Drawbacks of Choosing a Magnified Scope
Not all rifle scopes are the same:
- Some scopes can give you a close field of view of the target or image
- Some give you a good view but not as close you might like
You’re probably thinking, “Why not go all in and go for the magnification scope which closes the range between me and my targets?”
While we wish we could say it’s easy as that, the reality is, it isn’t.
Let’s discuss what these drawbacks are. Things like light transmission, weight, mirage distortion, etc all play a role when using a magnified scope.
Kickback or Recoil
Shooting will always have some recoil/kickback. Once you fire the bullet, expect some recoil to slightly PUSH you back.
For example, when you’re shooting a regular handheld gun, there’s no reason for you to worry about kickback.
Sure it may cause minor arm discomfort, but it should go away in a few minutes or so. It’s not much of a cause of concern. Plus, you won’t be needing a magnification objective lens for a handheld gun.
But what if, instead of using a handheld gun, you’re using a hunting rifle. Now that’s a different topic worth talking about because you can now potentially cause injury to your eye.
Remember, you’ll be looking through the magnification lens of your scope.
Whenever your targets are so far and you want to close in the range, expect the recoil to be powerful! Fair warning, it may take you by surprise. Worse, the eye reticle may leave your eyes a little bruised right after.
Your aim isn’t always improved by choosing an objective lens with a high magnification level. At times, your lens may even be the cause of why you aren’t able to perfect your shots.
Allow us to shed some light (pun intended):
- The higher the magnification level of your lens, the less light transmission there is.
- This means… the less light transmitted, the HARDER it is for you to focus on the image ahead of you.
- When there’s zero to little light, you won’t be able to see properly!
And if you can’t see properly, then how do you expect to fire your shot accurately? Who would’ve thought that light was so crucial, right?!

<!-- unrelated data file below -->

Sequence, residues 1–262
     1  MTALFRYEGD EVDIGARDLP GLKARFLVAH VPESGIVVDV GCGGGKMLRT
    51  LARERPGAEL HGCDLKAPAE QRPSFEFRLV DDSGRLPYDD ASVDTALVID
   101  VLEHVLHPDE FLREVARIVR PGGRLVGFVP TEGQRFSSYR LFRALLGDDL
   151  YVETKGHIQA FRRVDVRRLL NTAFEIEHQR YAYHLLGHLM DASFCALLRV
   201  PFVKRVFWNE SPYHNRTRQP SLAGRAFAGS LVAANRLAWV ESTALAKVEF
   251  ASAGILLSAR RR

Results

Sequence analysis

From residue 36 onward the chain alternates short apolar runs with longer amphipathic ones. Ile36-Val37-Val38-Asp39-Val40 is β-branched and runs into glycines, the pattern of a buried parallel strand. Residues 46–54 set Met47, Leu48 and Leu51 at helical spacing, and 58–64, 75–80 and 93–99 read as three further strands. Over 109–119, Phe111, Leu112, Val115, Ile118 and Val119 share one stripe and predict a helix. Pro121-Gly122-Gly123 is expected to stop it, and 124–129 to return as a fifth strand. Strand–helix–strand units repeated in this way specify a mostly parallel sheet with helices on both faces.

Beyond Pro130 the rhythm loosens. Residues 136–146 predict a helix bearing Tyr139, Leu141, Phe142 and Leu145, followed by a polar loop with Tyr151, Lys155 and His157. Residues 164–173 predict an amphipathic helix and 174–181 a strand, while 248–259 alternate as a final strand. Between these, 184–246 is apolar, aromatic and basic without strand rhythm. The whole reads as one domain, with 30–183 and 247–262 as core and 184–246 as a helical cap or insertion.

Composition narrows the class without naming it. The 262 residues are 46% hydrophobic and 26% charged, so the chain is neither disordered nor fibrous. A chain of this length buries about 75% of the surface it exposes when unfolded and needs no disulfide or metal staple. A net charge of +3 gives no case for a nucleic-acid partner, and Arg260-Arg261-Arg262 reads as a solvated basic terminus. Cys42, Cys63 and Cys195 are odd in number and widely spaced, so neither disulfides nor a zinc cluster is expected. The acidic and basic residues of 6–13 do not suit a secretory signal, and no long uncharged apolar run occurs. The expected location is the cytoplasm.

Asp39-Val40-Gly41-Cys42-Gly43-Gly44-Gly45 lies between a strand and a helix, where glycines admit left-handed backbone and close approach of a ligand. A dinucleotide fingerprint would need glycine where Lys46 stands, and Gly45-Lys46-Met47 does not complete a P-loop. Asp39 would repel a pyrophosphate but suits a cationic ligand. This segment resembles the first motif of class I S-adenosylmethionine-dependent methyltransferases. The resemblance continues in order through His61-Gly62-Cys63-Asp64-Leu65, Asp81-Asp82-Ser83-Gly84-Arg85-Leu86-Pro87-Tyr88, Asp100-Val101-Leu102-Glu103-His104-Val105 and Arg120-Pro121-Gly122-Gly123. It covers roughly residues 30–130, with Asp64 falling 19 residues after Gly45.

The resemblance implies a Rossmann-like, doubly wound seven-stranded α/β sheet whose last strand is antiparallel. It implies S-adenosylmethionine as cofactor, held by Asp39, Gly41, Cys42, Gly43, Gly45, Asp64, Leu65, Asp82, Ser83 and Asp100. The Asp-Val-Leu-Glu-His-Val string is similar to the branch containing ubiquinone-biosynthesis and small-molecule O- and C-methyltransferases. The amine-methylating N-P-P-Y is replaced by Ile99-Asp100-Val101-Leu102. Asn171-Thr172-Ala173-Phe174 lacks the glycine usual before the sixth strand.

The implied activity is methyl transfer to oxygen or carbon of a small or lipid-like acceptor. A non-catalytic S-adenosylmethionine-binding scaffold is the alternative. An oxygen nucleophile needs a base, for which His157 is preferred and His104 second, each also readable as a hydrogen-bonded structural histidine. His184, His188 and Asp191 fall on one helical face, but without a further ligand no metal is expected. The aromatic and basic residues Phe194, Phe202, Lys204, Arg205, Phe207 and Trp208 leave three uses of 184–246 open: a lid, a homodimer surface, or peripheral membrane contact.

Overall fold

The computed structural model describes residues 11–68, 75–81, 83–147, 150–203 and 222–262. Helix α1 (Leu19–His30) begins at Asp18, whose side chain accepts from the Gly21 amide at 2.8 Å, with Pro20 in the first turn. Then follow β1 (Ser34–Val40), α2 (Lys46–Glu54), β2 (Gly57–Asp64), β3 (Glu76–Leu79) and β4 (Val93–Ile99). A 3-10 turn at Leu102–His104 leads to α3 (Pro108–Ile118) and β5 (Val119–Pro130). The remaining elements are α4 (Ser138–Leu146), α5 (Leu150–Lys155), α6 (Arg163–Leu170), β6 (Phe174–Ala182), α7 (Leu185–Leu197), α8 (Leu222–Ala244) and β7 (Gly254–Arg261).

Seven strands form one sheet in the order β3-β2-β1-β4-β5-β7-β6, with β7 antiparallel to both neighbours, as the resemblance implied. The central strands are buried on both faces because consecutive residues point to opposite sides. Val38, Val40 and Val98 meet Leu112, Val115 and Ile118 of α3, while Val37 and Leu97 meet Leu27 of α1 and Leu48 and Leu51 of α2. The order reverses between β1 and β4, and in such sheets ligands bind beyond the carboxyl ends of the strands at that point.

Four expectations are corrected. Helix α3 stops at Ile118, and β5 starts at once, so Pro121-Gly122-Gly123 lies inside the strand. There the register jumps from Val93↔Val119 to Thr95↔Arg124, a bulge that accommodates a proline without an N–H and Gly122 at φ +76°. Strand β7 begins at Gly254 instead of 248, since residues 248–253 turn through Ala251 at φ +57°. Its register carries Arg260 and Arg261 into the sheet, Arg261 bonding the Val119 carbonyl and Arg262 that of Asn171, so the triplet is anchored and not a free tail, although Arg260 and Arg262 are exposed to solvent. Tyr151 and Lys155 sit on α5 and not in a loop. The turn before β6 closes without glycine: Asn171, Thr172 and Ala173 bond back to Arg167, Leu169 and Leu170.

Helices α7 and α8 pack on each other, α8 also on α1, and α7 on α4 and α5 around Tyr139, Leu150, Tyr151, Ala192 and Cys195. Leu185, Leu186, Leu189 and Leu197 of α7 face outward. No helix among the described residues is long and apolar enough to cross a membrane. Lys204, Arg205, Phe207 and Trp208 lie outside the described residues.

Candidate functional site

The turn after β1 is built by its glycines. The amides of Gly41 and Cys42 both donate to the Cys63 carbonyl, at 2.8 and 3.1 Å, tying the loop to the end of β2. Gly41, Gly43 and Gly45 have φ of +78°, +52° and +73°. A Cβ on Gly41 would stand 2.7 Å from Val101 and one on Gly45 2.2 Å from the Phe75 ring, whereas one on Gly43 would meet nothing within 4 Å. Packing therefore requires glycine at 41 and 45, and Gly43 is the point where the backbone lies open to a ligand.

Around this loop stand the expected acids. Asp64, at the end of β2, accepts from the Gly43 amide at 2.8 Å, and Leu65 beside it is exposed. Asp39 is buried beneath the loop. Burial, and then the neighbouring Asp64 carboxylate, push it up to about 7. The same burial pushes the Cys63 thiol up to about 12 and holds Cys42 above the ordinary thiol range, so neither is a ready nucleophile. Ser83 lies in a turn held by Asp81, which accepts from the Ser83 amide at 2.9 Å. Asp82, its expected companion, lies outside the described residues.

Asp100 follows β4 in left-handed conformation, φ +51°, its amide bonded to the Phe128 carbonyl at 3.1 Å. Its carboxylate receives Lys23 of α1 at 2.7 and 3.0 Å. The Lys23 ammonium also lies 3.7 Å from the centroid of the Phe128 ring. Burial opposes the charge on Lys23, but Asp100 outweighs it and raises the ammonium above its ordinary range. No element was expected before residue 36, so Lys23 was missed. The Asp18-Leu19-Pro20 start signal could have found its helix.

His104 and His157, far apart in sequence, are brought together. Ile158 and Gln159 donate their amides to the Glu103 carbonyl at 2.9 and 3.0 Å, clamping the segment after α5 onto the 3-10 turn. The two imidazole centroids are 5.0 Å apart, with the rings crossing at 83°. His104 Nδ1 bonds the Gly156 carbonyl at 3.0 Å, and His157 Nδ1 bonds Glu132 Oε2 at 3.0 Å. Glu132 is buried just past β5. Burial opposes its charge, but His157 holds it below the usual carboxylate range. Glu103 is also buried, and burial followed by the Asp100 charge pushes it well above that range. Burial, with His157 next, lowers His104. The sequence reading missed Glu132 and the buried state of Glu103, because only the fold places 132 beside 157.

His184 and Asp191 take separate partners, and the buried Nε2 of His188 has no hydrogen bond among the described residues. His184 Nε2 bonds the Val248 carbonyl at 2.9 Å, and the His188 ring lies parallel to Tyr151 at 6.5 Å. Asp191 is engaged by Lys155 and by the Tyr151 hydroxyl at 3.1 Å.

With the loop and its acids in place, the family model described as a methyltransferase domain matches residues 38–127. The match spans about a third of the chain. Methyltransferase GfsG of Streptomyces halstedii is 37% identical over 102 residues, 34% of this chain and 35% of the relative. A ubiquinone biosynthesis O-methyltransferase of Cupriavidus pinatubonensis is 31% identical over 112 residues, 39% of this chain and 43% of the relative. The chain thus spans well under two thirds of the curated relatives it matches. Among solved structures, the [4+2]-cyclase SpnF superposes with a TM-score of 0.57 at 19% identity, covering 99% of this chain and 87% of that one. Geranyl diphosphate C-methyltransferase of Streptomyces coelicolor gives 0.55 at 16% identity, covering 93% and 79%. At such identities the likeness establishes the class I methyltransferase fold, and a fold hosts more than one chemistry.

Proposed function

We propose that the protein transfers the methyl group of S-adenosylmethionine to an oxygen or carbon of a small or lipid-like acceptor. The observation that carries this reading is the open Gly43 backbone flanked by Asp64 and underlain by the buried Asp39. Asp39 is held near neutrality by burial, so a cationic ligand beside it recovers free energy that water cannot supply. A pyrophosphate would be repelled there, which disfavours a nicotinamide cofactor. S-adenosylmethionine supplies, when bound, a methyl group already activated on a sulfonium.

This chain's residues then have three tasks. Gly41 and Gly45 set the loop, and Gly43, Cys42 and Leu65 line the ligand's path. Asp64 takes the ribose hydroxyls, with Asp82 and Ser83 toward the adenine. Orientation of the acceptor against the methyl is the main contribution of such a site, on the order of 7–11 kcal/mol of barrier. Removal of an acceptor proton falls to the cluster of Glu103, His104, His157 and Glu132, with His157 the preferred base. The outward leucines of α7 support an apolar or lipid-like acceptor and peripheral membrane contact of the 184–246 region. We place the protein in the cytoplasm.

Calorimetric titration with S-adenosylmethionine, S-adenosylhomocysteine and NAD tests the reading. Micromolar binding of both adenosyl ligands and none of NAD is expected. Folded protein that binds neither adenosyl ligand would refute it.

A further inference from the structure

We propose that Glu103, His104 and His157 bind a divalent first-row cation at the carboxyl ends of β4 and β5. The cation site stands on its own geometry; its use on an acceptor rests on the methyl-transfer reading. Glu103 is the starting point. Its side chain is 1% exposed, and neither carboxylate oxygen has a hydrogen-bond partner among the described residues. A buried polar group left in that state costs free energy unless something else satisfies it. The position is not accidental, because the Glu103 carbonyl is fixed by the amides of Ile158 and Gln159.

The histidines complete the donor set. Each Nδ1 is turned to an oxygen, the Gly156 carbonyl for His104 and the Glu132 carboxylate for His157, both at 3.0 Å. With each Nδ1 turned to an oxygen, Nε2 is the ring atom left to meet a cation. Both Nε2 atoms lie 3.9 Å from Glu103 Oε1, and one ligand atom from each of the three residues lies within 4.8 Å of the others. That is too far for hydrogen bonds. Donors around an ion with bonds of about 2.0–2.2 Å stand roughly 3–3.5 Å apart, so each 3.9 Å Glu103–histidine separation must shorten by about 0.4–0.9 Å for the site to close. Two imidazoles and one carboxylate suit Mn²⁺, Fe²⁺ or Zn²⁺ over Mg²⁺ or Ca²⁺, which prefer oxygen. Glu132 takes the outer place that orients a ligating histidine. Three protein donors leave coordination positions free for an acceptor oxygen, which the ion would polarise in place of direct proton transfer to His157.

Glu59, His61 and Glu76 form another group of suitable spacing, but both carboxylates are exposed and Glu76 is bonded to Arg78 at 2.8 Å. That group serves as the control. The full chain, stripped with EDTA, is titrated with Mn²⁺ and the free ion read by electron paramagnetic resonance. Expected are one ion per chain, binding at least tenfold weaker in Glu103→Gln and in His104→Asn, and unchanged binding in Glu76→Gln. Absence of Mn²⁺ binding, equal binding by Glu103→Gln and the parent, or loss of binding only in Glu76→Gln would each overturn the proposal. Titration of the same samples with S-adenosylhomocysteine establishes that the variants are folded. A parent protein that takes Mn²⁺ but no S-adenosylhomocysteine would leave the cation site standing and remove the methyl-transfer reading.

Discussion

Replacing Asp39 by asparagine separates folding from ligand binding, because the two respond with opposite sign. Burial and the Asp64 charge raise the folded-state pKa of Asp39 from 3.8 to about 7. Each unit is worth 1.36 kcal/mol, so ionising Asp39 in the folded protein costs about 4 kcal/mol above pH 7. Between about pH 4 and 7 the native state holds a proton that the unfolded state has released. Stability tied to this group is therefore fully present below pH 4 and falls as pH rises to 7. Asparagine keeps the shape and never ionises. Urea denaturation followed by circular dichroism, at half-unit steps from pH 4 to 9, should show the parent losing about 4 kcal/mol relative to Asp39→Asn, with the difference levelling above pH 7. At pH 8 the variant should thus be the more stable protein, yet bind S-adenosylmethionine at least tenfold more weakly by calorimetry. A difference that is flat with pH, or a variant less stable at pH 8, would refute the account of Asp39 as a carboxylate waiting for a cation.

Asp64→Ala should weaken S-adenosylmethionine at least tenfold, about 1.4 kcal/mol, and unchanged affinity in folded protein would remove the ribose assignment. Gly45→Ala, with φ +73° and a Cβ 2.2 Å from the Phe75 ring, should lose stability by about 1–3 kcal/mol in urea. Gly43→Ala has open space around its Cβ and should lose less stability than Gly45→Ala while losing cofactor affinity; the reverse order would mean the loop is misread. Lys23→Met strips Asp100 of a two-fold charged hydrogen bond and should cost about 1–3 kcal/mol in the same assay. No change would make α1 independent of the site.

Fast Fact: Having a high magnification level for your lens tends to be more unstable in the long run.
The image may appear so close to you, and it probably looks perfect. But whenever you make a slight side movement, it CAN disorient you.
You need to be very careful with your movements.
Another problem that occurs whenever your image is too magnified is it can cause distortions to your view and your scope’s glass.
Whenever your rifle emits some heat, it can cause mirage distortion which is detrimental to your aim.
Using magnified scopes in humid or hot weather conditions tends to be a little harder. The glass on your scope may fog, and you just won’t be able to see clearly.
At times, you might even see the same image more than once! Because of the magnified image, it’ll be a lot harder for you to focus your aim.
Magnification lens and optics tend to be pricey. This is especially true if you’re looking at a premium or high-quality magnification lens, which can give you a quality image each time.
That being said, are you willing to buy expensive magnification optics? If you ask us, there’s a number of magnification power scopes out there that’ll hardly break your bank.
They may not have the same magnification level as the expensive ones, but at least the optics provide better aim and stability. Plus, image quality isn’t bad at all.
Finally, the higher the magnification level of your objective lens, the heavier it is.
The scope tends to be a little large in terms of size. On top of the weight of your gun, you’ll also need to take into consideration the weight of your lens.
This is because there’s a lot of layers inside your scope to make sure it can magnify the target image. It isn’t just made of glass, as some might think.
Having a heavy and magnified lens isn’t always advisable, especially if you’re hunting. Just imagine the struggle of having to lug a heavy scope around. Yikes!
End Game on Higher Magnification
Higher magnification doesn’t mean better accuracy at farther distances.
Rifle scope magnification vs distance. Should they always be taken together? Yes!
- Those two are interrelated with each other and play an important role in giving you a clear field of view regardless of the range.
- Factors like the light transmitted, weight, recoil, price, and mirage distortion contribute to choosing a balanced scope and proper target acquisition.
- More importantly, taking these into consideration allows better stability and accuracy whenever you’re shooting.
So fellow hunters…Don’t just choose a scope with the highest magnification. You might compromise the accuracy at farther distances.
For high-quality rifle scope options, check out our article on the Most Affordable Air Rifle Scopes.